Sunday, February 28, 2010
J and I went to an Eric Clapton concert last night with some friends. For a show at a large venue, it was not a typical concert. There was no banter between songs, no stories about when the song was written, why he liked to play it, etc. In fact, I think the only two words Mr. Clapton said to us were, "thank you," with the exception of his introduction of Vince Gill, who joined him for several songs. I found that I didn't mind this. In fact, as the night went on, I found it a refreshing contrast to attend a concert that was primarily about the art of his music, not entertaining the audience with anecdotes, light shows and pyrotechnics. Given the type of show this was, I found myself pondering the difference between an artist and an entertainer.
It was clear to me last night how unbelievably talented Eric Clapton is. As someone who is not a musician and not really a big fan of music (I see music as primarily a vehicle for good lyrics), it was a little amazing to actually enjoy Clapton's guitar solos. I even found myself listening very closely because there were times when I felt like his guitar was talking, speaking a language that I couldn't quite understand, but wanted to know. I think this is art, not entertainment.
For a while now, I've held a theory that art must be shared to be complete. A painting sitting in a closet won't be a masterpiece until it is viewed. A book sitting unread is incomplete. So I understand why Eric Clapton plays in front of thousands of people. How could he not, really? I just think he does it more to share his art than to entertain people (and perhaps to earn a tiny bit of money, which is also a nice byproduct of good art).
As I continued to think about an artist versus an entertainer, I thought of two of my daughters. A is a dancer, but she's also an introvert, so it's always intrigued me that she's willing to dance in front of crowds big and small, on a stage that barely holds her group or at TPAC's Jackson Hall. I could never have done that at her age (or any age!). I once asked her about this. I started by asking whether she likes to dance. That got an immediate "Yes!" When I asked whether she liked to dance in front of people, there was a slight pause as she thought about it, but it still got an affirmative response. She went on to say that she likes dancing in front of people to share what she's learned, that it doesn't matter to her whether a few people watch or a lot of people watch and that it wouldn't be as satisfying to always dance in the studio, she wants to perform. I think A approaches her dance like an artist.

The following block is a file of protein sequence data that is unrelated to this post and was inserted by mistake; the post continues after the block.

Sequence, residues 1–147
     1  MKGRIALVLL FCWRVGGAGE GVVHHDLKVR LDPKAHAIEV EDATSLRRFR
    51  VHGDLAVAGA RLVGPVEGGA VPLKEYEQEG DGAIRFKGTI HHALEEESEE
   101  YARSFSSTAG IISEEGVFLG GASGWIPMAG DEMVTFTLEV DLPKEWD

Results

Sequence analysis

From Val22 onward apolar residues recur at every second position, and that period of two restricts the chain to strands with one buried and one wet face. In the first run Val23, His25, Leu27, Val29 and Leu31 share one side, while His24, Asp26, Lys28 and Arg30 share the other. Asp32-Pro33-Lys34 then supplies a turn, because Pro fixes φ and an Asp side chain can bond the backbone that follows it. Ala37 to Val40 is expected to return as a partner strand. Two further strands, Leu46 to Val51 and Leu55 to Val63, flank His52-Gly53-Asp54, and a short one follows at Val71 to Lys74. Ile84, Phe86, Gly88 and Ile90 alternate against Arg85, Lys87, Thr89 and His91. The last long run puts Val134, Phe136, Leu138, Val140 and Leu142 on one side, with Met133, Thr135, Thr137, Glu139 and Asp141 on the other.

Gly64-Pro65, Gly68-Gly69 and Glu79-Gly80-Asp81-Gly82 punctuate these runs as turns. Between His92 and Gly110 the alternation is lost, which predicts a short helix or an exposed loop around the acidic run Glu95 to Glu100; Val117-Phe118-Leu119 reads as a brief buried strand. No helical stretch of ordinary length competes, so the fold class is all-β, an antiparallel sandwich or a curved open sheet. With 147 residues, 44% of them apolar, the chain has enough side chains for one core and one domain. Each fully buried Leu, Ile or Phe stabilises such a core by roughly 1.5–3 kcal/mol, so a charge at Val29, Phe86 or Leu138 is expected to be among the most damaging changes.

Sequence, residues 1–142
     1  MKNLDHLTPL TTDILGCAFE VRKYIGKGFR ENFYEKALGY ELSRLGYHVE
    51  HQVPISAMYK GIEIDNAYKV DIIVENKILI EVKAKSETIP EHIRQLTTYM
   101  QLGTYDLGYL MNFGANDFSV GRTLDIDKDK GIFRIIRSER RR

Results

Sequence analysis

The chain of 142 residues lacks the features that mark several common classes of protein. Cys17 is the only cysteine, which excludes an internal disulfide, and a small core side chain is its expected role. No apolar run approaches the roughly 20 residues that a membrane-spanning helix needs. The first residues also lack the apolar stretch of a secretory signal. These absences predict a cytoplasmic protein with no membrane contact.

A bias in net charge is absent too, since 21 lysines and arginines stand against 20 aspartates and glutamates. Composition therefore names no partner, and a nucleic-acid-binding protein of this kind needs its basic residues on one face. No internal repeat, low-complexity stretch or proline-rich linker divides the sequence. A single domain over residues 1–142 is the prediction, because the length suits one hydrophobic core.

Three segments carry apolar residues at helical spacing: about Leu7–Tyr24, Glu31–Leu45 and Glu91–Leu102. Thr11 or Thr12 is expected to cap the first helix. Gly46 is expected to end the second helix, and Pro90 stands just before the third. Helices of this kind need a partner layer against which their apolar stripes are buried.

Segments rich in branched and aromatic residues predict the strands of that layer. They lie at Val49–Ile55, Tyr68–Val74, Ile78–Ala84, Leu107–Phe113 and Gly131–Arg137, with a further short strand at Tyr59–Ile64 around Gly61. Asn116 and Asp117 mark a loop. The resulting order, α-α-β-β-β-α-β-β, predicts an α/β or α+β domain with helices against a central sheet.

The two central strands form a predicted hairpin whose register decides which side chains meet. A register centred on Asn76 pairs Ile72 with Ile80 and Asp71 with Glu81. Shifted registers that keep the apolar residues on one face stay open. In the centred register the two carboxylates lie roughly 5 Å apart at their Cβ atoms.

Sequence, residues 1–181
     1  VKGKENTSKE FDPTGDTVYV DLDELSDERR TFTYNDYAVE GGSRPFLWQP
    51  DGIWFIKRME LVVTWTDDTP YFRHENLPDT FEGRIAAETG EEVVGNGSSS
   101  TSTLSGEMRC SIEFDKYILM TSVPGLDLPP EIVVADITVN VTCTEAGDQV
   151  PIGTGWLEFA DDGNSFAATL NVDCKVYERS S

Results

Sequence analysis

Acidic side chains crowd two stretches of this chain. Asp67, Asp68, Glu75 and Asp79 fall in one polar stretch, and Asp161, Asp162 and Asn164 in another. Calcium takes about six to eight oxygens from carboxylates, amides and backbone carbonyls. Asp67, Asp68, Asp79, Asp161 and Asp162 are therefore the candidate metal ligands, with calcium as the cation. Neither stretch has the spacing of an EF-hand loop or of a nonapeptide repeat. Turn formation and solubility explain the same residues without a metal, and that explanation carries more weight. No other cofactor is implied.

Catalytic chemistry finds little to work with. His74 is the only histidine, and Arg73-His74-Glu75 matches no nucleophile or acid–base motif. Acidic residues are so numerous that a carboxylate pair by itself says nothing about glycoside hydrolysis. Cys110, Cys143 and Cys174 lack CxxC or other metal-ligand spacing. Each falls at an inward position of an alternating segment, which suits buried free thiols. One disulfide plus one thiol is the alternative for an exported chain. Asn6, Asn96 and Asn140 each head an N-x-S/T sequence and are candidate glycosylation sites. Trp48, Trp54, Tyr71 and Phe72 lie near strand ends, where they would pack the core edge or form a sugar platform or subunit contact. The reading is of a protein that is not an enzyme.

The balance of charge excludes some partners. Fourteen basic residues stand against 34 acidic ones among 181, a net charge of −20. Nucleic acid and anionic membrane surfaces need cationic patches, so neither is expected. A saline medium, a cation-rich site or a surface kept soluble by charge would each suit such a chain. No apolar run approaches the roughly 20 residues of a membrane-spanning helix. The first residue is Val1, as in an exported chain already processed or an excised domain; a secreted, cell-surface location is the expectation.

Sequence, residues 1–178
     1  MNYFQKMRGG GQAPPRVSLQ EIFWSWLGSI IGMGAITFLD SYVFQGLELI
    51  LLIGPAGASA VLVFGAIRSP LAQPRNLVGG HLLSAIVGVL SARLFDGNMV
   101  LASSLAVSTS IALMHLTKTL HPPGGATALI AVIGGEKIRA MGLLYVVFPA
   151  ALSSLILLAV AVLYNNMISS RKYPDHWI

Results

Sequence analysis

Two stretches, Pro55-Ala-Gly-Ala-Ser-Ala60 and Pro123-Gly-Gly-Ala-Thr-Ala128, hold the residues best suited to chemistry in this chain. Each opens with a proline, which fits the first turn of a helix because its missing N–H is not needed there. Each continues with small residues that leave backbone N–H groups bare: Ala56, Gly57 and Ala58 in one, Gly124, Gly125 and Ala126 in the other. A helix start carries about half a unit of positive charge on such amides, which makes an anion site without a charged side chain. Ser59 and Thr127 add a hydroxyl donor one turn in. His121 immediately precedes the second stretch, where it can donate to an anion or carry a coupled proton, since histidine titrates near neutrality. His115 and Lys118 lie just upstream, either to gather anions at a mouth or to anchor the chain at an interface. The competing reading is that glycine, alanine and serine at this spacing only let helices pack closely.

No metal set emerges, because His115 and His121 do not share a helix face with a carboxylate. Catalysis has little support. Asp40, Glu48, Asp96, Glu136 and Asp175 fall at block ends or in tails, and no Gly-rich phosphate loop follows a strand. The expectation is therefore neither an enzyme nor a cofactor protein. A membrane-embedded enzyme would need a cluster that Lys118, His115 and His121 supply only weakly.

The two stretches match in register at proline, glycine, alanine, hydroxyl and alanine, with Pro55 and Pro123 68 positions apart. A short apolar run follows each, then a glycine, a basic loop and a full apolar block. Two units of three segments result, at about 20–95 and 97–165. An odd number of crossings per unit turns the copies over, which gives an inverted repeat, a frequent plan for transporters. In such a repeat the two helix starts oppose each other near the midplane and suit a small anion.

K, on the other hand, is a born entertainer. When we have friends over, she'll tell a story, do a dance or put on an impromptu play - whatever it takes to capture and keep their attention. I don't even need to ask her whether she would be content to stay in the studio - for her, the whole point of dance is to get on that stage. When she had her first dress rehearsal before her recital last year, I asked her if she had liked being on the big stage. There was a long pause, she tilted her head and looked up at me, then said, "Of course, Mommy!" I'm sure she was thinking, "Me? The stage? People watching? What's not to like?!"
I've struggled a bit as a mom with having daughters who are so very different from me. In fact, sometimes it's hard not to judge them. I spent at least the first two decades of my life trying to avoid attention, so it's tough to understand that wanting people to watch you perform can come from a good and healthy place - not a place of "look at me! tell me how great I am!" But I do believe K's desire to entertain is part of the way she is made. It was interesting to look up the definition of entertainer and see that the primary definition relates to being a hostess or entertaining guests. K is great at this. Whenever we have people drop by, she offers them food. Last week, two guys were here framing a door and hanging drywall - K took them part of her afternoon snack. She's a natural entertainer in every sense of the word. And that's not something that I need to train out of her, even if it does strike a bit of fear in my heart, even if I do have a difficult time understanding this impulse.
I want to love each of my daughters the way they need to be loved. I don't want my bias towards art for art's sake to overshadow the sheer exuberance of an entertaining performance. I don't want one daughter to think her offering is less worthy than her sister's, in my eyes or those of God. So I'll continue to watch them do their thing - whether that means a classical ballet piece, a funky jazz number, a comic routine, a basketball drill or whatever else awaits us.
Thursday, February 25, 2010
I recently read a blog post where the author wrote about how she has four different projects going (a screenplay, a memoir, a book, a TV show) and therefore has gotten nowhere with any of them. This sounded vaguely familiar, convicting and, ahem, scary.
I wouldn't say that I am generally someone who is afraid of commitment, but with my writing, it's another story altogether. I have, in various stages:
a non-fiction book based on The Fun JarSo this person I don't even know has me wondering where I should spend my time and energy. And wondering why this is such a hard decision for me. Surely most people don't spend this much time thinking about what they should do...
a partial novel (?) centered on a character in her early 20s
a set of book reviews that are possibly marketable with some editing, effort and elbow grease
a concept for a young adult fantasy novel